Dosage and Administration

The recommended oral dosage of mirtazapine in adults and elderly patients with depression is 15 to 45 mg/day. Elderly patients and those with hepatic or renal insufficiency should be closely supervised when dosages are increased. Mirtazapine should be taken as a single evening dose. The drug should not be given to patients who are taking monoamine oxidase inhibitors or during pregnancy.

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Correspondence to Kristin J. Holm.

Additional information

Various sections of the manuscript reviewed by: H. Ågren, Karolinska Institute, Division of Psychiatry, Huddinge University Hospital, Huddinge, Sweden; S. Agyropoulos, Psychopharmacology Unit, School of Medical Sciences, University of Bristol, Bristol, England; J.D. Bremner, Bremner Research Institute, Olympia, Washington, USA; N. Haddjeri, Department of Psychiatry, McGill University, Montréal, Québec, Canada; R.M.A. Hirschfeld, Department of Psychiatry, University of Texas Medical Branch, Galveston, Texas, USA; S. Hood, Psychopharmacology Unit, School of Medical Sciences, University of Bristol, Bristol, England; O.J. Høyberg, Department of Psychiatry, Fylkes Hospital I Molde, Molde, Norway; S. Kasper, Department of General Psychiatry, University of Vienna, Vienna, Austria; B.E. Leonard, Department of Pharmacology, National University of Ireland, Galway, Ireland; G. Stimmel, School of Pharmacy, University of Southern California, Los Angeles, California, USA; M. Van Moffaert, Department of Psychology, University Hospital, Gent, Belgium; W. Wittgens, Department of Geriatric Psychiatry, Hans-Prinzhorn Hospital, University of Witten-Hedecke, Hemer, Germany.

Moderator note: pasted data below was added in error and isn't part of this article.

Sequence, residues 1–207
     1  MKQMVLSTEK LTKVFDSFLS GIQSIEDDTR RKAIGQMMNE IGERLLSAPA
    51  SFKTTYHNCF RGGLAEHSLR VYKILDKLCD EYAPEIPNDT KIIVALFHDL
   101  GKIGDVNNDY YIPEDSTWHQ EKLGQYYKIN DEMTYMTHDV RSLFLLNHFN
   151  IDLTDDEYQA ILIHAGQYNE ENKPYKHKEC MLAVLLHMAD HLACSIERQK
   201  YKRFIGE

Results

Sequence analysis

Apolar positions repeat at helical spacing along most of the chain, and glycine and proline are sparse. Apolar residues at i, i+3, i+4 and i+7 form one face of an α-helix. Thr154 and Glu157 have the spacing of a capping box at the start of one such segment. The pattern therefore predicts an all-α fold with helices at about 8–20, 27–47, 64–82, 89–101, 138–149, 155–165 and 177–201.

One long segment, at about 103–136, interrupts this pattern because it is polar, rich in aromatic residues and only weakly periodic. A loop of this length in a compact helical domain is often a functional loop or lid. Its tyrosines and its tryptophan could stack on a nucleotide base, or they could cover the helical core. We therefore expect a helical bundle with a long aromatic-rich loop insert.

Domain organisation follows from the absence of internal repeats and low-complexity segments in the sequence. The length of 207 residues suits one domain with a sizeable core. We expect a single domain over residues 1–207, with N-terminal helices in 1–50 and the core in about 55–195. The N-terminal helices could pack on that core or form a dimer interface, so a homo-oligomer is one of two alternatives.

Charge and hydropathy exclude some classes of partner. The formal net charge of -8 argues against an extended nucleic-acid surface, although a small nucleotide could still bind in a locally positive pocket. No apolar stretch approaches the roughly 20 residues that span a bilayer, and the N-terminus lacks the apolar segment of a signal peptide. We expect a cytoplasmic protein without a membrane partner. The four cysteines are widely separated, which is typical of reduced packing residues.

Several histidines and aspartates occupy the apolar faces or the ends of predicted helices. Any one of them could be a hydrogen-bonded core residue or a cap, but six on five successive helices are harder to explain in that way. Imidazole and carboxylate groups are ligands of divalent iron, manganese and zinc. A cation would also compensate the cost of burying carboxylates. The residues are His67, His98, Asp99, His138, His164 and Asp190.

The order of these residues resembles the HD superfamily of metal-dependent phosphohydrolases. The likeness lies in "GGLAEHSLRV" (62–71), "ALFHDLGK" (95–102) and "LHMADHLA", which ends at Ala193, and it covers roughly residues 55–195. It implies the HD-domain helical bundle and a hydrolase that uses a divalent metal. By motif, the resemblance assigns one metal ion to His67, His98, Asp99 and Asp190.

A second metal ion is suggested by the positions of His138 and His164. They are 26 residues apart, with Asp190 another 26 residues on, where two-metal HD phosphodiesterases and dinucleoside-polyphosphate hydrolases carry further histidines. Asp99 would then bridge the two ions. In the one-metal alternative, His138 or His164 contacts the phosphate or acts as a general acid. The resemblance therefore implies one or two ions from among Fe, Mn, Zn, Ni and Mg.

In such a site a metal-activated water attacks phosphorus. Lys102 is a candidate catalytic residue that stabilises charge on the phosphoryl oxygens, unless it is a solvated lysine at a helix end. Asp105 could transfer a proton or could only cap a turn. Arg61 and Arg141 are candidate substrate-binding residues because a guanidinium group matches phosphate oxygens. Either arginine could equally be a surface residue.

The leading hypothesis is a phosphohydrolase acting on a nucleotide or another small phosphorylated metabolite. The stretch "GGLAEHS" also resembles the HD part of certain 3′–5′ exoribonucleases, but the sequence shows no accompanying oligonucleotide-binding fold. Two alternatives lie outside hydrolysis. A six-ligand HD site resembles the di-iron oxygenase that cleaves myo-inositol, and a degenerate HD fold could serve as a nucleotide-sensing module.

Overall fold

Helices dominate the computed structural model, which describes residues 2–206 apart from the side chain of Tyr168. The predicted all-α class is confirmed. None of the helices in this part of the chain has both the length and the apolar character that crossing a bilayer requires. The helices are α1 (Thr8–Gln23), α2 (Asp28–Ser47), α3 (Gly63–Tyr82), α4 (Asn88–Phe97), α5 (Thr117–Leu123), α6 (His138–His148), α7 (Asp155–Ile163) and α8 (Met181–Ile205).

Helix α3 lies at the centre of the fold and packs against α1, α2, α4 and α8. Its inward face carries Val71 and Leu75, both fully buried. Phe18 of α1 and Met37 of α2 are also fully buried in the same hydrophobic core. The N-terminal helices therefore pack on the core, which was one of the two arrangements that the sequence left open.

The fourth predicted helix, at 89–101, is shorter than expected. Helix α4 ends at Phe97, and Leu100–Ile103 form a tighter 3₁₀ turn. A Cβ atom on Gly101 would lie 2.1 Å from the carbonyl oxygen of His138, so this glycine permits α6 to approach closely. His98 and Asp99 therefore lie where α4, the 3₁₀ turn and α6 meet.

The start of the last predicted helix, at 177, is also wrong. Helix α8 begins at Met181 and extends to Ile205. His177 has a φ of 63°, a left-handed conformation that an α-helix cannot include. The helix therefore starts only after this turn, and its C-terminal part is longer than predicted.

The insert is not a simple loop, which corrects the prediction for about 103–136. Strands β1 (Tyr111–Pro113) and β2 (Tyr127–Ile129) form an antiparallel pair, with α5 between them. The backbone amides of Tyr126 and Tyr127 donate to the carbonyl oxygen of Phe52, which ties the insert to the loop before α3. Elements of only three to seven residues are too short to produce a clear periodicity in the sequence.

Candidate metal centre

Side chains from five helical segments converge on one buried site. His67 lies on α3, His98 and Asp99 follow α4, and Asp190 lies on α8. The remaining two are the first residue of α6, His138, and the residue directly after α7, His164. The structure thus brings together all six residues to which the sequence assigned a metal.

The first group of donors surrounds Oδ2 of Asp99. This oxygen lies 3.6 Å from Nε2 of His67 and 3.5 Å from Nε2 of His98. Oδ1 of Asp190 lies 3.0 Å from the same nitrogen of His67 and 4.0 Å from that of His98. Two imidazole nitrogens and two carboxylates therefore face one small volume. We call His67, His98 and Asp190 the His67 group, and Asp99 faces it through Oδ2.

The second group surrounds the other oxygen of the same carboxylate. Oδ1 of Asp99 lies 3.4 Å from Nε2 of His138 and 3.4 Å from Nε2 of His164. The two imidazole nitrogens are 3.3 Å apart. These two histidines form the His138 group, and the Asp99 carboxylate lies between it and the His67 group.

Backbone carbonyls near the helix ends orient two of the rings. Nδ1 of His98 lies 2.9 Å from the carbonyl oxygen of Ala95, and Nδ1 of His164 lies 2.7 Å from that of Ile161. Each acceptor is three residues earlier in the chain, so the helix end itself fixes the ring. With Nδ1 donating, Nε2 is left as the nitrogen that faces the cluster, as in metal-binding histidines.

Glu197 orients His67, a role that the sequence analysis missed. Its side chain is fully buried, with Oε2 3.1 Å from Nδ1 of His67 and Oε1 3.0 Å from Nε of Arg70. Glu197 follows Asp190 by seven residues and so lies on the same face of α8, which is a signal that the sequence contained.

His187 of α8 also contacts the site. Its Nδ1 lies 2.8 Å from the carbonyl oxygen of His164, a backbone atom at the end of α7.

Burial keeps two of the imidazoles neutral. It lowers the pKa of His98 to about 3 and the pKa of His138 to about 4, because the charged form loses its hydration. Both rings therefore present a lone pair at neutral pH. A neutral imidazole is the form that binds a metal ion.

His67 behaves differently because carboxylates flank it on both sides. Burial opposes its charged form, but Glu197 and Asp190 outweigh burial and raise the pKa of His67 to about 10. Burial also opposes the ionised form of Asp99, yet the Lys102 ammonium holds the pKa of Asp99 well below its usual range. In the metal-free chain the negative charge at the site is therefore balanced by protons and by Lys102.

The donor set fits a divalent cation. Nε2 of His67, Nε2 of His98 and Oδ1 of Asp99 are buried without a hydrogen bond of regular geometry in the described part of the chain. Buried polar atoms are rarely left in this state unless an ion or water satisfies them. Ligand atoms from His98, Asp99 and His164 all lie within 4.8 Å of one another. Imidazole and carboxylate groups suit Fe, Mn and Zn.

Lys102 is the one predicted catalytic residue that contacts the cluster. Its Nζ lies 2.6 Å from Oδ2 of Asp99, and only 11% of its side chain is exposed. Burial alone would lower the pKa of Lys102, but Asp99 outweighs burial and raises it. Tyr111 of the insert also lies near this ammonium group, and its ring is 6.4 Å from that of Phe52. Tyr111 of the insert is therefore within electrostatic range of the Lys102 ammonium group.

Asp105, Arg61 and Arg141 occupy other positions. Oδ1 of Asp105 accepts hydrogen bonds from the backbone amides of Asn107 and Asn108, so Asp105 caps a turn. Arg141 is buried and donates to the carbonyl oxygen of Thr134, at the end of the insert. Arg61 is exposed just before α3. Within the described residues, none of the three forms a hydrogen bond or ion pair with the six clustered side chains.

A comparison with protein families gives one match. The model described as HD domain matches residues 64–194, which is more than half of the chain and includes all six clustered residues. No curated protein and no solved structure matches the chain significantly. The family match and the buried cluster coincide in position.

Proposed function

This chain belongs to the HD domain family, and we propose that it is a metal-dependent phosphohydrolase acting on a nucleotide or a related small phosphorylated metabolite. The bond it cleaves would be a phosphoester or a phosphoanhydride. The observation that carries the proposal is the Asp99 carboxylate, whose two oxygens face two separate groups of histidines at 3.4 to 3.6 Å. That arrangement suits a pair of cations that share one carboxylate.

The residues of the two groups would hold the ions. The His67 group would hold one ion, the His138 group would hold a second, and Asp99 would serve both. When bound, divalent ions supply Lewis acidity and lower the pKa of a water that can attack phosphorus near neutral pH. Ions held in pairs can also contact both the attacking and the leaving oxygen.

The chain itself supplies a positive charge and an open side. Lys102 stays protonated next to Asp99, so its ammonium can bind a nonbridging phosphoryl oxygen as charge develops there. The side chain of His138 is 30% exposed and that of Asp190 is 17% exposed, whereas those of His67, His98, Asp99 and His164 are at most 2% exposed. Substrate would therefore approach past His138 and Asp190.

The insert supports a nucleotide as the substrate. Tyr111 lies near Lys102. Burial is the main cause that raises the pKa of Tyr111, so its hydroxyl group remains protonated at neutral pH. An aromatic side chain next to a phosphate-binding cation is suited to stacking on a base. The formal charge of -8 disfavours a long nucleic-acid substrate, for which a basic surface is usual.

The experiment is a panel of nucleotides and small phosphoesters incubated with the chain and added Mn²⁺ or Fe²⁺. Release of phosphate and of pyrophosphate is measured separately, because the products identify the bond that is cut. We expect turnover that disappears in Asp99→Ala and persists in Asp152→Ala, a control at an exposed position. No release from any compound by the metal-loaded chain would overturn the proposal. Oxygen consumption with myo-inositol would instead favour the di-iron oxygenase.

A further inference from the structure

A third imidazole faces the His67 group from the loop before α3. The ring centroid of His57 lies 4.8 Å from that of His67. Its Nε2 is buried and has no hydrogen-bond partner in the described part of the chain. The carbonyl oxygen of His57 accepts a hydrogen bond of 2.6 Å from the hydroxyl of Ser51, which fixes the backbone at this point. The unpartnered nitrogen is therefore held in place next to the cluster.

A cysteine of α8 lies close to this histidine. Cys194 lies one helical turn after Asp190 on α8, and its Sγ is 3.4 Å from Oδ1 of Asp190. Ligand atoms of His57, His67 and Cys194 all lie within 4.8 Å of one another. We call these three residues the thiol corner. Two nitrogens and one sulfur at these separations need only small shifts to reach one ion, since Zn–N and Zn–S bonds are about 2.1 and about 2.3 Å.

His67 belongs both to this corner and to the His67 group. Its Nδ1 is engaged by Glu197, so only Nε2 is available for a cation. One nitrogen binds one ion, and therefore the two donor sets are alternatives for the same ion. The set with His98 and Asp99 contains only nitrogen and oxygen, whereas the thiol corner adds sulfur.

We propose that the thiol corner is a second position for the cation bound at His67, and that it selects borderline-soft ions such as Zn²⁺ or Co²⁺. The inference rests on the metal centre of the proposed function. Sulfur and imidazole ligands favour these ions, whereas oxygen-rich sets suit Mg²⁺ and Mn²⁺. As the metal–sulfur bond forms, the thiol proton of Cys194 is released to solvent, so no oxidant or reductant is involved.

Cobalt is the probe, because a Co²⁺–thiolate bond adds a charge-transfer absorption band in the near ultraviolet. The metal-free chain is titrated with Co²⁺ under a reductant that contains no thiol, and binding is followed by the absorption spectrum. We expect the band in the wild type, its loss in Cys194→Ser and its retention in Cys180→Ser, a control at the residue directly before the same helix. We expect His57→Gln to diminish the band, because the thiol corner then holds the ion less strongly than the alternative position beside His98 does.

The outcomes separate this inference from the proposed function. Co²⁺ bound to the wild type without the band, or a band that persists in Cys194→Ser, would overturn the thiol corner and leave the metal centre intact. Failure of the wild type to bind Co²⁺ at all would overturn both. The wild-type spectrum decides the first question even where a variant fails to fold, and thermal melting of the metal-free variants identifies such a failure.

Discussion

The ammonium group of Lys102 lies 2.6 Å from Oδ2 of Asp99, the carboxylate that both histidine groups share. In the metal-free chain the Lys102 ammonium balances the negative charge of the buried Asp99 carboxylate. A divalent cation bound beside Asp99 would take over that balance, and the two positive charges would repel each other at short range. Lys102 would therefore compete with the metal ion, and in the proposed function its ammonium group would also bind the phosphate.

Data Selection

Sources: Medical literature published in any language since 1966 on mirtazapine, identified using AdisBase (a proprietary database of Adis International, Auckland, New Zealand), Medline and EMBASE. Additional references were identified from the reference lists of published articles. Bibliographical information, including contributory unpublished data, was also requested from the company developing the drug.